- Vampire Weekend - Modern Vampires of the City 
- Queens of the Stoneage - ...Like Clockwork 
- High Highs - Open Season 
- Emancipator - Dusk to Dawn 
- Jon Hopkins - Immunity 
- Fuck Buttons - Slow Focus

- Arctic Monkeys - AM
- Portugal. The Man - Evil Friends
- Crash of Rhinos - Knots
- Mountains - Centralia
- Julianna Barwick - Nepenthe

Tracks of the Year: Anything



Tracks of the Year: Eclectic



Monday Graveyear 2013



Once again, 2013 was a brilliant brilliant year for music. Can't wait to see what 2014 brings.

Announcement: The Wednesday Graveyard is now the Monday Graveyard

A long time ago I used Spotify to start making "weekly" playlists of music that I had been listening to. Just this past week the seventy-fourth playlist was posted (and that's just in the weekly playlists, don't forget all the special playlists) and the Almanac playlist has hit over 1000 tracks and 3 days of continuous music from all those playlists.

Then, in 2012, I started the Wednesday Graveyard: "Live", a Mixcloud hosted podcast style radio show. I managed two full series and two episodes of series three before a previously unexplained hiatus - the reason for the gap of months and months between episode 3.2 and the probably still to come episode 3.3 is partly down to the wedding (I couldn't find a free four hours of concentration) and the fact that I no longer have a MacBook on which to record the show. Instead I redoubled the Wednesday Graveyard weekly playlists.

A few months ago I spoke to my sister in a slightly jokey way about her getting me a show on Pulse 98.4 FM, a community radio station based in Barrhead. She was then made head of production and said she'd look into it, but nothing really came of that. However, a few weeks ago she pointed out that Neil of the wonderful Scottish Fiction blog and podcast, posted a listing for new presenters on Pulse and I pitched a show - originally planned to be entitled the Long Drawn Out Soul but later I thought that the Monday Graveyard worked best - partly because it was a spin-off of the Wednesday Graveyard, but also it's slot 11pm to 12am on a Monday night.

And so, I can now announce that I will be on Pulse 98.4 starting in December.



The show is focused on a few key areas - mostly electronic music, but focused on IDM, ambient, bleep, neo-classical, drone and the occasional minimal techno. Basically, if you've listened to either my Turquoise Hexagon Sun, Long Drawn Out Soul, or Wednesday Graveyard: X series of playlists you'll know what you're in for, but for those that don't you'll be hearing a range of new and old ambient electronic music from artists all the way from John Cage, the pioneer of the genre, through classics such as Aphex Twin, Boards of Canada and Brian Eno, to the more recent Tim Hecker, Loscil, Nathan Fake and others. Along the way I'll be seeking out Scottish artists to be showcased on the show as well as many other artists from all over the world.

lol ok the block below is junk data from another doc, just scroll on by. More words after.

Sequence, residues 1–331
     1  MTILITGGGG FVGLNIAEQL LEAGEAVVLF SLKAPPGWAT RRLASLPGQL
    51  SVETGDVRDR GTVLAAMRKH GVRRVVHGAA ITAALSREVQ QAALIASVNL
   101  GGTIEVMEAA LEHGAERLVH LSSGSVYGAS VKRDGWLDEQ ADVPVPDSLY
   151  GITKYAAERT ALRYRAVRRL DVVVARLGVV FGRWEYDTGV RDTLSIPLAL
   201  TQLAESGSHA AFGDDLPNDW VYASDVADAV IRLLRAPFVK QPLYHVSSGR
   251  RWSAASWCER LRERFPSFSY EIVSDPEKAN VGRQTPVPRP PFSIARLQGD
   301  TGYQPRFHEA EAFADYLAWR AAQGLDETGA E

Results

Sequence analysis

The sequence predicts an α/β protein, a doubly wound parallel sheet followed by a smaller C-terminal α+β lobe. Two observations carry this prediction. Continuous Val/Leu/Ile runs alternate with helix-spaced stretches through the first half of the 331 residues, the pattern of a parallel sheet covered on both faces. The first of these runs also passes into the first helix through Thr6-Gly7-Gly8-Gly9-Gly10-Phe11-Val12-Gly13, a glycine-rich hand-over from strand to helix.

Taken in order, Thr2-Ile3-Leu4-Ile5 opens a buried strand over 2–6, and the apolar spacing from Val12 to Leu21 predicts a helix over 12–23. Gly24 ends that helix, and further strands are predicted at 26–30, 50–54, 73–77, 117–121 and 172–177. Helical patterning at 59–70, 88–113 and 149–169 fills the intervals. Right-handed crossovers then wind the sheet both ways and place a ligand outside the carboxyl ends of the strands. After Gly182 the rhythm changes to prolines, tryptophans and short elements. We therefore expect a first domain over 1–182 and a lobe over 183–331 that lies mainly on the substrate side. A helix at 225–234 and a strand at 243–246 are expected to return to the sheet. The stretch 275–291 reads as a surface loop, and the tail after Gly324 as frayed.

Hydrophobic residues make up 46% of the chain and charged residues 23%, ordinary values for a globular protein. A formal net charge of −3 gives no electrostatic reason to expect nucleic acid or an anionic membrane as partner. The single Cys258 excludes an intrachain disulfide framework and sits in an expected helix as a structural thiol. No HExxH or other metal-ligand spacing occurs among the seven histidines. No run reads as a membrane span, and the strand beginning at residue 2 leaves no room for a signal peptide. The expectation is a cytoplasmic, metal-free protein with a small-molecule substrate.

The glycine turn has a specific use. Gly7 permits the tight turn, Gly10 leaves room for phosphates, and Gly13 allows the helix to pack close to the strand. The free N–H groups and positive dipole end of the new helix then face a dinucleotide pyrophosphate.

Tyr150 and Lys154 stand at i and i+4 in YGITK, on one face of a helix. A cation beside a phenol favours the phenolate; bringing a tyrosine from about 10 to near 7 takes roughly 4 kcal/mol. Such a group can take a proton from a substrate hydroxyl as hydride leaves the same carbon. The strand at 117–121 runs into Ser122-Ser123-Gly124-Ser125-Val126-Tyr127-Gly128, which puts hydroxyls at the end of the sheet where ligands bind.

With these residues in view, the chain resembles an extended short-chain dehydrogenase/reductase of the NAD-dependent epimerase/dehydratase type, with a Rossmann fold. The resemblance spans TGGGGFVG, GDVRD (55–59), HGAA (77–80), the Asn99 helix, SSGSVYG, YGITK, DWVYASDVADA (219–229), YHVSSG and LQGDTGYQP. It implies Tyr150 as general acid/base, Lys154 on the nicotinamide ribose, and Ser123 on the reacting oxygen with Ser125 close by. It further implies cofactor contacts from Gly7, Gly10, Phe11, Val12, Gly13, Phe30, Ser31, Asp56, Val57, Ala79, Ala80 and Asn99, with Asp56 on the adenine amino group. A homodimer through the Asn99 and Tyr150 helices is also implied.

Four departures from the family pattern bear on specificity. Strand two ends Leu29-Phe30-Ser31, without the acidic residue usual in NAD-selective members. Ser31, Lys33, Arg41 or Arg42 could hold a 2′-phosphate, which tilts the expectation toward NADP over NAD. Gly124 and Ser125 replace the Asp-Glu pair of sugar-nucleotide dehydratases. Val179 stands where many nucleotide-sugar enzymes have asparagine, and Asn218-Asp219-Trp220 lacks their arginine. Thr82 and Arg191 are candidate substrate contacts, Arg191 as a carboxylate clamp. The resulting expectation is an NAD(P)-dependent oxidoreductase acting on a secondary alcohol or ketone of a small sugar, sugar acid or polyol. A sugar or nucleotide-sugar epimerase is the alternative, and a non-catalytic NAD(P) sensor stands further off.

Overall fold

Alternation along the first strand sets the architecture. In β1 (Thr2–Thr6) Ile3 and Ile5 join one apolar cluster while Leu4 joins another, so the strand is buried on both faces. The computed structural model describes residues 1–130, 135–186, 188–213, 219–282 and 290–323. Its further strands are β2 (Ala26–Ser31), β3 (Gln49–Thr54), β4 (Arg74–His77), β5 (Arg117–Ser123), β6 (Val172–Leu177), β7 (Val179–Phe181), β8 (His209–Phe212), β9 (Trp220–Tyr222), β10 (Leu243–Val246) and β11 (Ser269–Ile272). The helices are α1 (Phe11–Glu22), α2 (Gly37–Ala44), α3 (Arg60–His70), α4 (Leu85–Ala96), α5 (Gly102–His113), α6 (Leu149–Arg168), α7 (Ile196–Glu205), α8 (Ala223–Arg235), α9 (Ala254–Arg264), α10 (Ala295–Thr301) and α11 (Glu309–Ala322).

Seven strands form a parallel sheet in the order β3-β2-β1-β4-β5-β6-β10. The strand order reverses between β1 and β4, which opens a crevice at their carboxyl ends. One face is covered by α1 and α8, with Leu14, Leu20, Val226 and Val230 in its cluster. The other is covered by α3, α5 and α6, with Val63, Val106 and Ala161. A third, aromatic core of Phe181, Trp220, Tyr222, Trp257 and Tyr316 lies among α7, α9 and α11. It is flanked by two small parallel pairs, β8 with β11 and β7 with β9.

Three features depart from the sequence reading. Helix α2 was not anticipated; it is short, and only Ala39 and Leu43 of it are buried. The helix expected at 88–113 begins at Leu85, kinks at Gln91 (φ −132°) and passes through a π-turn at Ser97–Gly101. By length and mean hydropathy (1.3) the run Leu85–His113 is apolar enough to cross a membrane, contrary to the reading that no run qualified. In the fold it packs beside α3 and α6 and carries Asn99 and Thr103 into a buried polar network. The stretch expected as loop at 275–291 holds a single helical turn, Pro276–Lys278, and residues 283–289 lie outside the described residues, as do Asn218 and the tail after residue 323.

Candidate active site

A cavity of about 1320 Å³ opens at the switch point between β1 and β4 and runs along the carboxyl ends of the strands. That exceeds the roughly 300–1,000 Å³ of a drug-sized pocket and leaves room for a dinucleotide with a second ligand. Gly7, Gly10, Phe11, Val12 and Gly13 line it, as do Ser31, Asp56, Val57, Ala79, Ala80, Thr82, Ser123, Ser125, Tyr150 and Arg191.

I have yet to have a first show (my first show will be prerecorded and probably air on the 2nd December) - still a few things to sort out before that, but I'll keep you all in the loop and you can tune in weekly on Mondays using the Pulse website, the Tunein Radio App, or if you're in south Glasgow, tune in to 98.4 FM. I'd love you to.

Reasons Why I Have Started to Buy Vinyl (and Other Musings)


In 2008 I decided that I would buy a record that I loved, and it was Godspeed You! Black Emperor’s F#A#∞, an experimental album of post-rock and field recordings. Why did I chose that album? Well, it was at the time my favourite album, and still ranks highly up there as one of my favourite albums to play, but also it came with a comprehensive package – not just the actual record it’s self, but a range of post cards, notes, different photographs, and other bits and pieces that added to the whole concept behind the album. It was the first time I admitted to myself that music and the actual object that I owned was an important distinction. I am old enough to have grown up actually buying music – I spent weekly £10 on albums in Fopp during my late teens, and have an extensive (but poorly maintained) CD collection at my parents that at some point I will obtain, catalogue, and purge.

Buying vinyl seems like a polarising thing to do now a days. It’s seen as the source of much derision – many people marking it as the final moment where the music industry becomes self parody. The advent of streaming sites and MP3s killed the CD but in my eyes has reignited the vinyl and the sales figures suggest that exact thing. There are many multitudes of reason for hating this, and even more for thinking it is great. But my own personal reasons might be different to what many other people think or have said, and they might actually seem more pretentious than some – for I only very recently received a turntable on which to play my vinyl records on this past weekend.

You will immediately ask me why I was buying vinyl when I don’t own a player on which to spin them. It’s a very valid question – I mean, why the hell would someone buy MP3s if they didn’t have a MP3 player! It sounds mental, and I appreciate that. So here goes my attempt to explain it – I like owning something.

See, most of the music I listen to is on my Google Play Music account, or via Spotify, or via music I have downloaded and then synced to my phone. These methods of consumption have eroded what it means to own an album. Back in 2000 before Napster was something I really understood or had internet capable of downloading music my CDs were what I owned, and they were physical. I loved leafing through the inlay as I played it for the first time on my Walkman on the bus home (Christ, how nostalgic does that sound?). But now all my music is not consumed that way – so buying a CD is wasted, because I don’t use it beyond ripping it on to the computer.

It then makes more sense, to me, to have the vinyl. If it comes with a download code I’ll download the electronic stuff and then I have the large format artwork and the actual object of the record. It feels like I own something else, and it adds more to the experience.

I have no opinion on whether or not the vinyl sound is better – that is all down to the equipment used – but the romanticism of turning my phone off, closing the PC, and listening to music via the record player as an event rather than just something that is on in the background is a nice idea.

So yeah, this might not make sense to a lot of you reading this, but it’s my personal take on it. And I love getting the massive 12’’ packaging through. I bought the most recent Boards of Canada album on double LP and can’t wait to listen to it.